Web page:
“The character Cayce Pollard is one of my all-time favorites, and I can identify with some of her life,” said Thomas. “She describes an agency she’s working for as “a high-speed low-drag life-form in an advertising ecology of herbivores.”
The character has allergic reactions from the presence of too many derivative brands: ‘simulacra of simulacra of simulacra.’ “So brilliant is the writing,” Thomas said.
For butterfly enthusiasts
Paul Mead, chairman of VCCP Media, recommends “The Butterfly Isles: A Summer in Search of our Emperors and Admirals” by Patrick Barkham. Both inspiring and beautifully written, the book charts one man’s bid to escape his urban angst by undertaking a quest to see all 59 species of native British butterfly in one summer.
“The beauty and polymorphic nature of butterflies have captured the human imagination for centuries, from the ancient Greeks to Grimaldi, from Winston Churchill to Nabokov,” said Mead. But this is a book about much more than Aurelian obsession — the author’s experience, like the creatures he craves, is transcendental, life changing, he added.
“From Bullingdon prison to Big Cock Shrimp Paste, this is a book which surprises and delights beyond its central theme. It’s a book about our sense of place, about relationships and our magnetic connection to the natural world around us.”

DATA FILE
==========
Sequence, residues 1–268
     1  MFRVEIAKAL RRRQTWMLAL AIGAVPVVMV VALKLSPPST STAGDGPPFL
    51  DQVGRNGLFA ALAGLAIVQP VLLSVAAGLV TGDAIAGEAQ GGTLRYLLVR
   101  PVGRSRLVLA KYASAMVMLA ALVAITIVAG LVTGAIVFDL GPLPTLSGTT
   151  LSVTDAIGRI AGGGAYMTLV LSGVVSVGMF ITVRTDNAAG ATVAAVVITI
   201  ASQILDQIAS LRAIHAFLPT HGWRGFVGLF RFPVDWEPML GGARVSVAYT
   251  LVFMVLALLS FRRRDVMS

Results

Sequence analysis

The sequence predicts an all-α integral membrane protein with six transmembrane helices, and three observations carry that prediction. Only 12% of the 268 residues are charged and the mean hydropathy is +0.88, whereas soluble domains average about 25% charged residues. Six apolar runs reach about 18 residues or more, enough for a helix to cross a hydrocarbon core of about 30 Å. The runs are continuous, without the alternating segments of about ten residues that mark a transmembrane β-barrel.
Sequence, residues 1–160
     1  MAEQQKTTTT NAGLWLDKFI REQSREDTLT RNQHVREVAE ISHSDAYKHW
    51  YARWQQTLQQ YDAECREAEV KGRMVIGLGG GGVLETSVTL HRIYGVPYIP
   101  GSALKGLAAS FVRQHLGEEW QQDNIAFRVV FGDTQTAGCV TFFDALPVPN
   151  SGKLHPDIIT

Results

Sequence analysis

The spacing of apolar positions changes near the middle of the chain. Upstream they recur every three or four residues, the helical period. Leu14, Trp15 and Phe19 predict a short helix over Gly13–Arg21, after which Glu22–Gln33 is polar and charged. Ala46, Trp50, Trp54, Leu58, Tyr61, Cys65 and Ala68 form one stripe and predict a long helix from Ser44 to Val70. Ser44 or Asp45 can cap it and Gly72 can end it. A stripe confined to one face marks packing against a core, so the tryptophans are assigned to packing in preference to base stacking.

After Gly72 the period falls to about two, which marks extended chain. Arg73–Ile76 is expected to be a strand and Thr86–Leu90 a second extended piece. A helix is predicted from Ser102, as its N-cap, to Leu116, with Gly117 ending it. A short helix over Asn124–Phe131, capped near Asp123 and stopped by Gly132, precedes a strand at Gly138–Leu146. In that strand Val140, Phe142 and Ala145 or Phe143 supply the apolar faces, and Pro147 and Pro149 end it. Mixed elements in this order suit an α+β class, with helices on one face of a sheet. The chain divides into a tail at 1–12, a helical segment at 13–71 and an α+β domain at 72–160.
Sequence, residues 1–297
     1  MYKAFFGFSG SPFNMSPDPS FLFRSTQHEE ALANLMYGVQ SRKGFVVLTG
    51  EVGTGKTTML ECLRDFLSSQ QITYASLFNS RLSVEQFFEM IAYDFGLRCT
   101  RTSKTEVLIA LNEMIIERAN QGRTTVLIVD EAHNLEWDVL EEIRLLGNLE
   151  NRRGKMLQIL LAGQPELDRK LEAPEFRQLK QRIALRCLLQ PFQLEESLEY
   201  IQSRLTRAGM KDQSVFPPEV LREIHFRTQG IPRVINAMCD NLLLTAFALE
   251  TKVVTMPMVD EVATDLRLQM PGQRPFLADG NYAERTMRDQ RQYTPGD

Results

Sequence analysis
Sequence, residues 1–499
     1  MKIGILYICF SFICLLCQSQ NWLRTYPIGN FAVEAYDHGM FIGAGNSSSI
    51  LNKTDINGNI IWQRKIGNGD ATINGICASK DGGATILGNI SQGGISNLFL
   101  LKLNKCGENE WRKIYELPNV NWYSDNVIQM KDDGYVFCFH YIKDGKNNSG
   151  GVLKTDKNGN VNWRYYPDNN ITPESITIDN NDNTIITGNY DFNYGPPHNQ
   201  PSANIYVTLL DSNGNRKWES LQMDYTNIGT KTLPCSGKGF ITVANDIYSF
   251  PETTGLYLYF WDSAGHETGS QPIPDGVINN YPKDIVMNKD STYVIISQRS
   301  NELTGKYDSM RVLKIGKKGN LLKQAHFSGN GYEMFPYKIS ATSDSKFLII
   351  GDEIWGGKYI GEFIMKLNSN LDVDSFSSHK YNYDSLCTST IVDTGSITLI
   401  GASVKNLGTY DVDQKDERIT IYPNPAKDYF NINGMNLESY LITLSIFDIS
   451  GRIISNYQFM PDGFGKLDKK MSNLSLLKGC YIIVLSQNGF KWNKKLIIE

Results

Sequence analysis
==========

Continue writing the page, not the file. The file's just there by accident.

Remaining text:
If you want a reason to sleep longer
Arianna Huffington, co-founder and editor-in-chief of Huffington Post, has become just as well-known for her championing of mindfulness in the workplace. She has published 14 books in total, but Steven Moy, CEO of Isobar U.K., has singled out “The Sleep Revolution” as his top pick. He was given it a few weeks ago by a friend for this birthday.
It is indeed the perfect book to read in between guilt-free naps on the beach. “Many leaders will boast they need or only sleep four to five hours a night, myself included. But ‘The Sleep Revolution’ makes a powerful argument for a good night’s sleep and how it puts us at the top of the game every day to take on any challenge that life throws at us. It’s the perfect read for a holiday as Huffington proves that sleep is ‘the ultimate performance enhancer’ and why rest gets you results,” he said.
For those who like a gripping crime novel